Your cover is arguably one of the most important selling points of your book.
As authors, however, we often face tight budgets. Deciding where to spend our money and where to tighten the belt isn’t easy. Covers are one of the more expensive aspects of production. Pre-made covers often start at $100, and custom, full-spread artwork alone can cost up to $4000 a book depending on the artist.
So how do you create an eye-catching, on-brand cover without breaking the bank? DIY! With a bit of skill and some market research, producing an awesome cover is simple and completely free!
From crisp, basic composites to full photo manipulation, I’ll show you the top 5 FREE programs and help you determine the best option for you.
In this article you will learn:
- Each program’s basic features
- When to design your own covers
- How to determine the best program for you
- Common DIY cover pitfalls
Table of contents
Top 5 Available FREE Programs (ranked in no particular order)
- GIMP (Gnu Image Manipulation Program)
- Paint.net (not the Windows one!)
The first three are desktop programs and are essentially analogous to Photoshop. The latter-most two are app/browser based and, while more directed at creating thumbnails and info-graphic materials, are great for whipping up a cover quickly if you don’t have complex photo-editing needs. Personally, I use and love Krita, but it’s important to find whatever program works best both for your books and for your technical skills and artistic abilities.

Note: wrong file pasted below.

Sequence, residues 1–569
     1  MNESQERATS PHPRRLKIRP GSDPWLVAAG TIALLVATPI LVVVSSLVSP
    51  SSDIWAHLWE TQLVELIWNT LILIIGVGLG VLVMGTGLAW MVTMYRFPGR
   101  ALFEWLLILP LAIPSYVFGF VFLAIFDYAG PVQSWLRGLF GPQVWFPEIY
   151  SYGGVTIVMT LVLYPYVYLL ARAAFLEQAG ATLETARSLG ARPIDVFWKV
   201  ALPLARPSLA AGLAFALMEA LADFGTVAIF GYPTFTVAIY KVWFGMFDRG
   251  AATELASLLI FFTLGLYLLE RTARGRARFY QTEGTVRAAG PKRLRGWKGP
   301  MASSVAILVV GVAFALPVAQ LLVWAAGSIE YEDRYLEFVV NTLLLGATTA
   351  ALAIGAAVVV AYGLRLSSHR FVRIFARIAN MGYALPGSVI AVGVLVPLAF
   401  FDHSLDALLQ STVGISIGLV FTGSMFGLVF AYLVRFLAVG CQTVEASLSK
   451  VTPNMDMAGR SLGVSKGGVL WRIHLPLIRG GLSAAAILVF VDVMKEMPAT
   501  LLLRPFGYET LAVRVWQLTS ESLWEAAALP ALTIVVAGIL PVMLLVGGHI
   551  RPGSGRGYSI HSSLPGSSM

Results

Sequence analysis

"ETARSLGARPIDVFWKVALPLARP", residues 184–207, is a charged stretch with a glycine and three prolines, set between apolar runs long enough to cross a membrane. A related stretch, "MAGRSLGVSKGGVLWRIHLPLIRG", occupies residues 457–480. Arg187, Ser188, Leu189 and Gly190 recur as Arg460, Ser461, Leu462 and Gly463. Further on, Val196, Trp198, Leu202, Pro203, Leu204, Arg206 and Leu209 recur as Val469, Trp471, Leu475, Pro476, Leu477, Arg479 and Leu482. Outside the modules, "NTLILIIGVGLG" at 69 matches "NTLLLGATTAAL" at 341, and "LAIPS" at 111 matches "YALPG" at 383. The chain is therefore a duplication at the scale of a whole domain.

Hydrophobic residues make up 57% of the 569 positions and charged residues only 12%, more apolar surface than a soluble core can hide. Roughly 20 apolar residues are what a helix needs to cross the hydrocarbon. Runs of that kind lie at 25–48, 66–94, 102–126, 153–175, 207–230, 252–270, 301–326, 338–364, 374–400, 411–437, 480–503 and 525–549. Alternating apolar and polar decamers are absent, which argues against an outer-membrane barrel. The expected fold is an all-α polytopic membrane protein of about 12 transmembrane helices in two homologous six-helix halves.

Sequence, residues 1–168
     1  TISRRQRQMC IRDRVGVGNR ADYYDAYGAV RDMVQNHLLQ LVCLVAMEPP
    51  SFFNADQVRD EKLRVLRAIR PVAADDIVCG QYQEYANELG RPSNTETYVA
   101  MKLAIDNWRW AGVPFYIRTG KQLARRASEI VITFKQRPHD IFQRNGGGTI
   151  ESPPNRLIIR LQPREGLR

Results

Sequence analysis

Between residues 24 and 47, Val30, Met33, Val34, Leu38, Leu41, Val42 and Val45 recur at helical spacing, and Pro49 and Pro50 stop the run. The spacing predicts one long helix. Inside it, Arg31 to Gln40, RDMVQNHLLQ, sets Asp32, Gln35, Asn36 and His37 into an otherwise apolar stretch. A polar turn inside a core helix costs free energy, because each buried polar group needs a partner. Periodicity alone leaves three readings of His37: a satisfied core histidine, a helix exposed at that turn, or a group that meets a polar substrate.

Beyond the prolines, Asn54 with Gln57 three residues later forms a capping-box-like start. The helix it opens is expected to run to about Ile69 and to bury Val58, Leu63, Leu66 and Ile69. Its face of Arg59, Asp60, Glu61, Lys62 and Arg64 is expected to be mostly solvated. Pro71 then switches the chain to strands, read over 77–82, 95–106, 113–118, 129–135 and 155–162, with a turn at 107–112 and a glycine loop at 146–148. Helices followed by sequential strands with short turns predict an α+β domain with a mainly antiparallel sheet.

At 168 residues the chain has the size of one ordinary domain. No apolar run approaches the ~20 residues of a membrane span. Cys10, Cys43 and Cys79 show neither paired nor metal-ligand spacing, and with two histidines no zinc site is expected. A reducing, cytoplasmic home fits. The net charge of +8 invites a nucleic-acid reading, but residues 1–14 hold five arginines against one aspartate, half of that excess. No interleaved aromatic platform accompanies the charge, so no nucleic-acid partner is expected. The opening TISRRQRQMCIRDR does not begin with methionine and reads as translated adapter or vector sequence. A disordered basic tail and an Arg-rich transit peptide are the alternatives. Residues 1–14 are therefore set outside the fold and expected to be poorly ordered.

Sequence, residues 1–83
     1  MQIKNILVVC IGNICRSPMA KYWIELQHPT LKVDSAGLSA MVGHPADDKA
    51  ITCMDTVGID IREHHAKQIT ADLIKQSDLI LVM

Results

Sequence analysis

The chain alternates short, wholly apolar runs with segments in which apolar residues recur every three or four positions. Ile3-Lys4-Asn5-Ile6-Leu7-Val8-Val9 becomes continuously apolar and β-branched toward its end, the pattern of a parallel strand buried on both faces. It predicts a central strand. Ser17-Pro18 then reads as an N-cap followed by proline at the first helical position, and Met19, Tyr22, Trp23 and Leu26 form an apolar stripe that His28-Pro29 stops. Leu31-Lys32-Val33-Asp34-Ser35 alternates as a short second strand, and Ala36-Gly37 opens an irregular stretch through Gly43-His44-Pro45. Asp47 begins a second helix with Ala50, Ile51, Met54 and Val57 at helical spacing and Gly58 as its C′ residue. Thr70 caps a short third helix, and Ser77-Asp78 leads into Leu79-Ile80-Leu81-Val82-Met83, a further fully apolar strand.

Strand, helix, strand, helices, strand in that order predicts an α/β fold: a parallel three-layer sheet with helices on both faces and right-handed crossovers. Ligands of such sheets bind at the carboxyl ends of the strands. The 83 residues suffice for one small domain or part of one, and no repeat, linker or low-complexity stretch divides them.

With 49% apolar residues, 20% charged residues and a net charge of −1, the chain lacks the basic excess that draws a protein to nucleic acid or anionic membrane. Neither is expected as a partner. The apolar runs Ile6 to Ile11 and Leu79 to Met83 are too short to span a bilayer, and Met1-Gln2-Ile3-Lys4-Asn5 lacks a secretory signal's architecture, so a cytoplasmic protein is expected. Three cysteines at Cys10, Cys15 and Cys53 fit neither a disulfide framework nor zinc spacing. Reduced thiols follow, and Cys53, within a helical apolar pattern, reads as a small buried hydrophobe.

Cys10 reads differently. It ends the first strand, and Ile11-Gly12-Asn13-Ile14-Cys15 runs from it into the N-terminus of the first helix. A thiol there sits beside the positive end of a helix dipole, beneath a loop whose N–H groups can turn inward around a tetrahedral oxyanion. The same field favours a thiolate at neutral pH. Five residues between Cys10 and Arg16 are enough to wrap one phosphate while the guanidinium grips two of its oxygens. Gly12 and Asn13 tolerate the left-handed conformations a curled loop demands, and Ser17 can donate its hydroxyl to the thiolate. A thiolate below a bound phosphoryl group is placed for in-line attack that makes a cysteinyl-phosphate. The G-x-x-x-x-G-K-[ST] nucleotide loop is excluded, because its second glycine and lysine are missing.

Below, you’ll find a table of these 5 programs and some of their basic features. I’ve also included links to quick tutorial videos and my thoughts on each.
Also, please note our ISBN bar code generator if you need a custom bar code to be integrated into your back cover.
|Format||Desktop Program- Open Source||Desktop Program- Open Source||Desktop Program||Browser||App (Android and Apple)|
|Integrated Stock Images|
|Tutorial||Krita Tutorial||GIMP Tutorial||Canva Tutorial|
Krita is a Photoshop clone, so to speak, with great capabilities. It’s my particular favorite and what I use for all my more complex photo editing, including covers. I find it very intuitive, and between the forum and Google, I can learn how to do almost anything. It does require a fair bit of processing power, however; and while they claim to have a tablet version, I’ve only had success with the desktop version.
Download Link: (http://krita.org)
Tutorial Link: https://www.youtube.com/watch?v=TH2EDTNjvBw
GIMP is possibly the oldest of the free photo editors, and the most widely used by the artists I polled. The Honda Civic, if you will. Though its design is basic, it’s also classic and has virtually every function photoshop does. Though I prefer Krita due to familiarity, GIMP is my backup. Bonus: there’s a browser version for Chromebooks.
Download Link: (https://www.gimp.org)
Tutorial Link: https://www.gimp.org/tutorials/